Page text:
It’s official – the 2018 garden has been started! My first flat of seeds is on the heat mat. For me, I think the best part of this is playing in the dirt (and that’s definitely the best part of the deal for my kids). When everything is in a deep freeze for months, I really, really begin to miss, of all things, the soil. That texture, that smell, teaming with life! It’s really powerful stuff, that dirt.
Having dirt in my fingers in the cold of February wakes something up inside me. I’m fortified for this last stretch of winter with renewed hope for the coming warmth and life that spring and summer bring. I really need that boost in February, of all the months!
It’s still pretty early in the season here – roughly ten weeks before a 50% chance that we will have our last spring frost. So for now, I’ve planted all of my onion family – bunching, bulb, leeks. It’s also time to sow seeds for the celery family. Hello celeriac!!! (Oh I’m so excited for that one!)
I have a confession
I have never grown bulb onions before! This isn’t because we don’t use them. Oh, we fry them up into everything. Basically every recipe in this house begins with fried onions. Yum. There are two major reasons why I haven’t grown them before:
1. The seeds need to be started really early. I’m usually caught off guard, totally unprepared for the gardening season, truthfully! This year I’m doing alright time-wise and I was eager to plant my early crops. Even still, my onions could have been started even a couple weeks ago!
2. Onions are not the easiest of crops to grow; I just haven’t taken the time to figure them out. There are long day and short day onions – What does that even mean? They need good nutrition and my soil has not been that until the last year or two. They compete poorly with weeds. From my understanding, it’s difficult to get a solid, large onion in your harvest, so I’ve been buying them instead.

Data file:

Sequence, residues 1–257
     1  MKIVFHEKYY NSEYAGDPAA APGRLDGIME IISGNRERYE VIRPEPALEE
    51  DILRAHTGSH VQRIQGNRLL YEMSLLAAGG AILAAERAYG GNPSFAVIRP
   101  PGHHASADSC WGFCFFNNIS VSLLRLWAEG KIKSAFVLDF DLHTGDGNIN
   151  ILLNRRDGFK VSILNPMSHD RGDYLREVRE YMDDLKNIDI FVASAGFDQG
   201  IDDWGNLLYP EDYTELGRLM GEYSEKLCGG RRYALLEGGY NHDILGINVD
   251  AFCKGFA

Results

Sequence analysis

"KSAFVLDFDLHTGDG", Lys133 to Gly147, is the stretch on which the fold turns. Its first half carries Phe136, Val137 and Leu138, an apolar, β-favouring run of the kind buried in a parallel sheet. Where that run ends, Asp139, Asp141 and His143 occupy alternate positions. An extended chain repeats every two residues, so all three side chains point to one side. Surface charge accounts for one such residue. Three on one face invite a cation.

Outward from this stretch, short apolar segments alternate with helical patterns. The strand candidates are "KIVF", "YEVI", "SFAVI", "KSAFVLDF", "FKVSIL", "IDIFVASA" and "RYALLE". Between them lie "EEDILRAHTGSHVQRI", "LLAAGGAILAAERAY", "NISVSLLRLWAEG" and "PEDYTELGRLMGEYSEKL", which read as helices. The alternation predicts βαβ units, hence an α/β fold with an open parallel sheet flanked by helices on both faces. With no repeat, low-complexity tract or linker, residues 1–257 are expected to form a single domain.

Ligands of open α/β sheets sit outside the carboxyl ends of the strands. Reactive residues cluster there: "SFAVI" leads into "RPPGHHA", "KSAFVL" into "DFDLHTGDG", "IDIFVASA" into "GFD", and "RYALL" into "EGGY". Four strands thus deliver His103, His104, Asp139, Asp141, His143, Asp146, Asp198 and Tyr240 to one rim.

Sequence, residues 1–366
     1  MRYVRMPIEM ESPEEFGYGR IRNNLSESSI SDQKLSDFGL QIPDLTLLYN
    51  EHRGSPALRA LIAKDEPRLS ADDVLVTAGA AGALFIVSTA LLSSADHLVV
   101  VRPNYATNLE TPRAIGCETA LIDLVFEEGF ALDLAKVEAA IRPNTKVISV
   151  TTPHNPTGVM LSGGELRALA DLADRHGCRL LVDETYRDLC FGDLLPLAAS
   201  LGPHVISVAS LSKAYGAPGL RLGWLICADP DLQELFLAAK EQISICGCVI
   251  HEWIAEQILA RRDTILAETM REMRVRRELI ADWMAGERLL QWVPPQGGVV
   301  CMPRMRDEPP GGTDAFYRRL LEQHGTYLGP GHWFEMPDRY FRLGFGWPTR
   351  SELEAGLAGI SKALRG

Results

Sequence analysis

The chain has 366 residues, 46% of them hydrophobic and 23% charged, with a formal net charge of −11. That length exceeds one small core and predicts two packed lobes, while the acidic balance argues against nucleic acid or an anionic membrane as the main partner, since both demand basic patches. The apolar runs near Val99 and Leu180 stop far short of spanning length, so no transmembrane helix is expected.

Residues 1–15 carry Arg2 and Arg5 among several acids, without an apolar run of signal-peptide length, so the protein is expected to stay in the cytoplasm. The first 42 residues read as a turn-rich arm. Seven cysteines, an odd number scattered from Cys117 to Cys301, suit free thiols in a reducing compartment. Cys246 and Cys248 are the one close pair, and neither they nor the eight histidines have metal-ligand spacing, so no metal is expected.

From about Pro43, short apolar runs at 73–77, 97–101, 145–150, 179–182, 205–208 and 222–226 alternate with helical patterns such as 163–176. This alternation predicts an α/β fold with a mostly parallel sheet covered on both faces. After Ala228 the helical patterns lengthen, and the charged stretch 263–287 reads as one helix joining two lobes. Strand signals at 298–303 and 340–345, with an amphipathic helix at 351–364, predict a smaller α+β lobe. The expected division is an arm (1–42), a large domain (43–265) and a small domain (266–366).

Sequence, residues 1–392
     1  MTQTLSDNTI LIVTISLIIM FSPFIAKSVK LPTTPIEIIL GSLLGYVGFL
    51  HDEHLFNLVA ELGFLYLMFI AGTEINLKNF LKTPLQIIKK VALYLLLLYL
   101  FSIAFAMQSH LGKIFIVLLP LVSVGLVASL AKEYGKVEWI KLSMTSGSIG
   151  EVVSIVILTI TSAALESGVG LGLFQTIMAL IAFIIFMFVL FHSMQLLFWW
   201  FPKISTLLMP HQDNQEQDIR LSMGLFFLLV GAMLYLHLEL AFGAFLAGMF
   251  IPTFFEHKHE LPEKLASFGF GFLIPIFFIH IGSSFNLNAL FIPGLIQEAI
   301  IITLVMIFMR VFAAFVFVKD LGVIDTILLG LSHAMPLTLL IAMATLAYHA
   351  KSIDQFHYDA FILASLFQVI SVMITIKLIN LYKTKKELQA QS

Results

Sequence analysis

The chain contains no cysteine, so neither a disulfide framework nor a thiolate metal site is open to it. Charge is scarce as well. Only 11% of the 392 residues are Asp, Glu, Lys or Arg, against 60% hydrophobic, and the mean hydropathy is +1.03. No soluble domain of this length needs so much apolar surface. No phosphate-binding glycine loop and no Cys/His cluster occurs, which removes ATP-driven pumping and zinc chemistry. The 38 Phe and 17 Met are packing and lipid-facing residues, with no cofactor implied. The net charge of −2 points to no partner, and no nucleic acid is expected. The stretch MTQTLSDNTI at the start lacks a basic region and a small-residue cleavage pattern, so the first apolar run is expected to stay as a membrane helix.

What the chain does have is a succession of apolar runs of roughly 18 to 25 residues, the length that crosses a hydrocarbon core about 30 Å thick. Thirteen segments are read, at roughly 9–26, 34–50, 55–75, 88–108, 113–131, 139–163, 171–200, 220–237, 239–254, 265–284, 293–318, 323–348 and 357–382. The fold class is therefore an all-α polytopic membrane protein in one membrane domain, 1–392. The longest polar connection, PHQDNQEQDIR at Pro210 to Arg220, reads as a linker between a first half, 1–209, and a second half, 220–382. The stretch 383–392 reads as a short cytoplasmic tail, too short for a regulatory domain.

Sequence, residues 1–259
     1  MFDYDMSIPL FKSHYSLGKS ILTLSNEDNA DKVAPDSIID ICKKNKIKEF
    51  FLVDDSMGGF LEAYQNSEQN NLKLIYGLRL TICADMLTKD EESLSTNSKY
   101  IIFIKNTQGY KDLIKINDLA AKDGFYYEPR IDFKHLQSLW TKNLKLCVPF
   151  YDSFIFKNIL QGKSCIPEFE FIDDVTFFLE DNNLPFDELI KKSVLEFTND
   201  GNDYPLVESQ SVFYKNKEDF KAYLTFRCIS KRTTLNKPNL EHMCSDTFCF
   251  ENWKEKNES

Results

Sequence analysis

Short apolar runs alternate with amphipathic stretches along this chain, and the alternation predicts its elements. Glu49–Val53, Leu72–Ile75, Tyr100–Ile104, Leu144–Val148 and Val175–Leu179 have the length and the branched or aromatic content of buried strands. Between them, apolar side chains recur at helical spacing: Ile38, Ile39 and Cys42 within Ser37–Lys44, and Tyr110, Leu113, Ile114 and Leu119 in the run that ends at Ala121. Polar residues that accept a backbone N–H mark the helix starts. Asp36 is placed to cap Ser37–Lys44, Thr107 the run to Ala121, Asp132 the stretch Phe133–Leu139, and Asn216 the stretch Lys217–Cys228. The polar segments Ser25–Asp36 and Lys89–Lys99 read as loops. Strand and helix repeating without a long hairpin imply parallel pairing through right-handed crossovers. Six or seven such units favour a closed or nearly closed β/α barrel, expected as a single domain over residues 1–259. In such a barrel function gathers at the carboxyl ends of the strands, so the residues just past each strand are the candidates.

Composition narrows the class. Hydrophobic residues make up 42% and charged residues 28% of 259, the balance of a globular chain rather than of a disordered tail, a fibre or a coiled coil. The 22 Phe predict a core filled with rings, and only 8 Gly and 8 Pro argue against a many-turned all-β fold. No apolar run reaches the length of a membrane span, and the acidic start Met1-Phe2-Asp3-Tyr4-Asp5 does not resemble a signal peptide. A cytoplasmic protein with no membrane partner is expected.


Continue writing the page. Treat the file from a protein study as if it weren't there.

Not all onions are equal
I’m jipping us of some awesome flavors, diversity and even colors by taking that grocery-store route, though. This year I decided we’d had enough of bland onions. (Well, we’ll probably still have to buy some bland onions for the year since I would need to plant a half-acre of onions to sustain our yearly use!)
Sweet onions, pungent onions. I want to grow onions that taste good enough to eat raw. To slice them up thin on a summer burger or dice them raw into a summer relish. Pickled onions! Fermented onions? This year (I hope) is the year. First things first though – let’s get germinating!
And so begins the regular seedling checks! This is a task that 7yo R will assume a little responsibility for. Its so fun to see her excited for the growing season, too. Don’t forget to check out my article on other ways to involve children in this fun seed-stage of the garden!
What seeds are you starting right now?